In the Denver Post yesterday, Robert Redford wrote:
We have few places left that represent the raw beauty and the history of our American West like Desolation Canyon, in my home state of Utah.
It was designated as a National Historic Landmark in 1968 for good reason. John Wesley Powell explored Desolation Canyon a century earlier, one of the last uncharted places in the lower 48 states. For thousands of years before that, the region was home to American Indian tribes including the Hopi, Fremont and Ute people. Their pictographs and petroglyphs still line the canyon walls; silent reminders linking us to the most fundamental roots of civilization.
Yet now, much of that is at risk.
The Interior Department is on the verge of approving a Denver company’s proposal to drill nearly 1,300 gas wells in northeast Utah.
Denver-based Gasco Energy wants to drill more than 200 of these wells in the Desolation Canyon proposed wilderness area alone. It wants to put more holes into the surrounding plateaus that until now have remained unthreatened for all of history.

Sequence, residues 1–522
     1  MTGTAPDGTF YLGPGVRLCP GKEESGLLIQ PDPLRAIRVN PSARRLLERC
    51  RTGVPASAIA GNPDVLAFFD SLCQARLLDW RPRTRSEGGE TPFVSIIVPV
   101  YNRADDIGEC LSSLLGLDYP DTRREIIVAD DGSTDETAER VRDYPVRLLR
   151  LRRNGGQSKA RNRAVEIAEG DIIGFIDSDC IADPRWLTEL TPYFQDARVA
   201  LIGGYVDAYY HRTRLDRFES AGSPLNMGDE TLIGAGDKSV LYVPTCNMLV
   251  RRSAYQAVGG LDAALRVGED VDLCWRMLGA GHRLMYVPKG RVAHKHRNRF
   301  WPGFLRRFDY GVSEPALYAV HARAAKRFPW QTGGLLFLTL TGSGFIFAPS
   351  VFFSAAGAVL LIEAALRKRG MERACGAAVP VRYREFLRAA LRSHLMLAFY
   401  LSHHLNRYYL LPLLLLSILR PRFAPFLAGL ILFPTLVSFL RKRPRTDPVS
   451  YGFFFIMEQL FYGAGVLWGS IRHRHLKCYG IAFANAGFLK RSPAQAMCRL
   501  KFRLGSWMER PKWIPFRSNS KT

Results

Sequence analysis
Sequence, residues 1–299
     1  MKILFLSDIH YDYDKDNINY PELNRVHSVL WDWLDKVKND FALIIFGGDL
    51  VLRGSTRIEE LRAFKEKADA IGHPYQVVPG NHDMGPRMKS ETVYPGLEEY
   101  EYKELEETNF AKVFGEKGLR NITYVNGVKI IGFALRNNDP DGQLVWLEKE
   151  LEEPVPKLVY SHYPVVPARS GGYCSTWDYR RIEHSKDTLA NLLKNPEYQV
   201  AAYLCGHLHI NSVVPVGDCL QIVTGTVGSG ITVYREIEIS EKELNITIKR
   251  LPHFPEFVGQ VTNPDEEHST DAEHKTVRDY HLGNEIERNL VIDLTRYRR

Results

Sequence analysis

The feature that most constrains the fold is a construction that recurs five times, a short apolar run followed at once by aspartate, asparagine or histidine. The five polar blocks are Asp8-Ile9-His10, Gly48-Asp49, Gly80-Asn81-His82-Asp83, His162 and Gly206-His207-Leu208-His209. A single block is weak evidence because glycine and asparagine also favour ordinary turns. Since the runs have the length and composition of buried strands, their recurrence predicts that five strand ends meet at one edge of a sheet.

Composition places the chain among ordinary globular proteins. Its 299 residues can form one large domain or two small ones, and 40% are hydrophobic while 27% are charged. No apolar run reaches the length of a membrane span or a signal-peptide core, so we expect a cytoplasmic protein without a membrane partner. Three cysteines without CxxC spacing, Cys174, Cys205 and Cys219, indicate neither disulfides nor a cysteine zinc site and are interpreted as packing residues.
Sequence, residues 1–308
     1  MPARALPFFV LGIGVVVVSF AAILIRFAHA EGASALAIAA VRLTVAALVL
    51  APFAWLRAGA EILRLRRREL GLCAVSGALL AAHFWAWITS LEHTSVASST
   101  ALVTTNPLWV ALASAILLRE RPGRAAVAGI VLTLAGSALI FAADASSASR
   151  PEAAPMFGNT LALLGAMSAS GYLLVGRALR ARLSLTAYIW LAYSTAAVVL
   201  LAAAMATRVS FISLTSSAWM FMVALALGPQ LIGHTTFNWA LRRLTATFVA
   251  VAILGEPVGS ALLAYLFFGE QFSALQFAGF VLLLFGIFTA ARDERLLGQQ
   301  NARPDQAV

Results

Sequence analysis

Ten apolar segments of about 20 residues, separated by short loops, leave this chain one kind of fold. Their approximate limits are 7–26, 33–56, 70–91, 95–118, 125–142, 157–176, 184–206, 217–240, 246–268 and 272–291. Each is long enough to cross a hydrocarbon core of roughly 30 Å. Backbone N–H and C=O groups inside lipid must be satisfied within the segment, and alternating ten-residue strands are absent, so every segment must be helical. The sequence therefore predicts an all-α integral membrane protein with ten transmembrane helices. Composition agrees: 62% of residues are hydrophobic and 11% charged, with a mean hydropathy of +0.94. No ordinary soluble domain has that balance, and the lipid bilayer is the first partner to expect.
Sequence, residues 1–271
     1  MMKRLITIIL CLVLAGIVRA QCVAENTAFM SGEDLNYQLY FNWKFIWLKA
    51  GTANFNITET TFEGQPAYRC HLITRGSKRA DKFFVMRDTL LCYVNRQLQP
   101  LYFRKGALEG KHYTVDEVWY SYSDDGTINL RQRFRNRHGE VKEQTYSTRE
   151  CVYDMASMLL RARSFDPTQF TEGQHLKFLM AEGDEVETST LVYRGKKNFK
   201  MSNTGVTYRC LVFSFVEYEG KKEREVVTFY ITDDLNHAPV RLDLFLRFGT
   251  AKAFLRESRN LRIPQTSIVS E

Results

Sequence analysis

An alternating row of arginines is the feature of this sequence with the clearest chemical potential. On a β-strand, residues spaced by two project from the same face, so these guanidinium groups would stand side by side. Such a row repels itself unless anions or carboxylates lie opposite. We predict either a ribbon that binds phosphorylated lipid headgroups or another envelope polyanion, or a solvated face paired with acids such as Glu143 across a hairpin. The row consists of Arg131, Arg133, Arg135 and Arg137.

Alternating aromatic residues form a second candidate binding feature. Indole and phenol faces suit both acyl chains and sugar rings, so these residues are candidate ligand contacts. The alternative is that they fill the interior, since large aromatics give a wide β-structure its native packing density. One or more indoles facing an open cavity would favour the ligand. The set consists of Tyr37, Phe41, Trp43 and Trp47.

Think about the consequences:
Scenic roads throughout the region would suddenly be clogged with diesel trucks and drilling equipment. Debris from drilling and construction of pipelines and service roads would threaten tributaries to the Green River. Sounds of drilling would replace the last vestiges of natural silence and would be heard at Sand Wash, the put-in for recreational river runners vital to Utah’s tourism industry. One of the most remote places in America would be despoiled.
Is this what we really want to do to our country? Certainly, it’s not what most Americans want.
Read the rest of his op-ed by clicking here.
Then, join Robert Redford’s call to protect Desolation Canyon by signing our Change.org petition and spreading the word!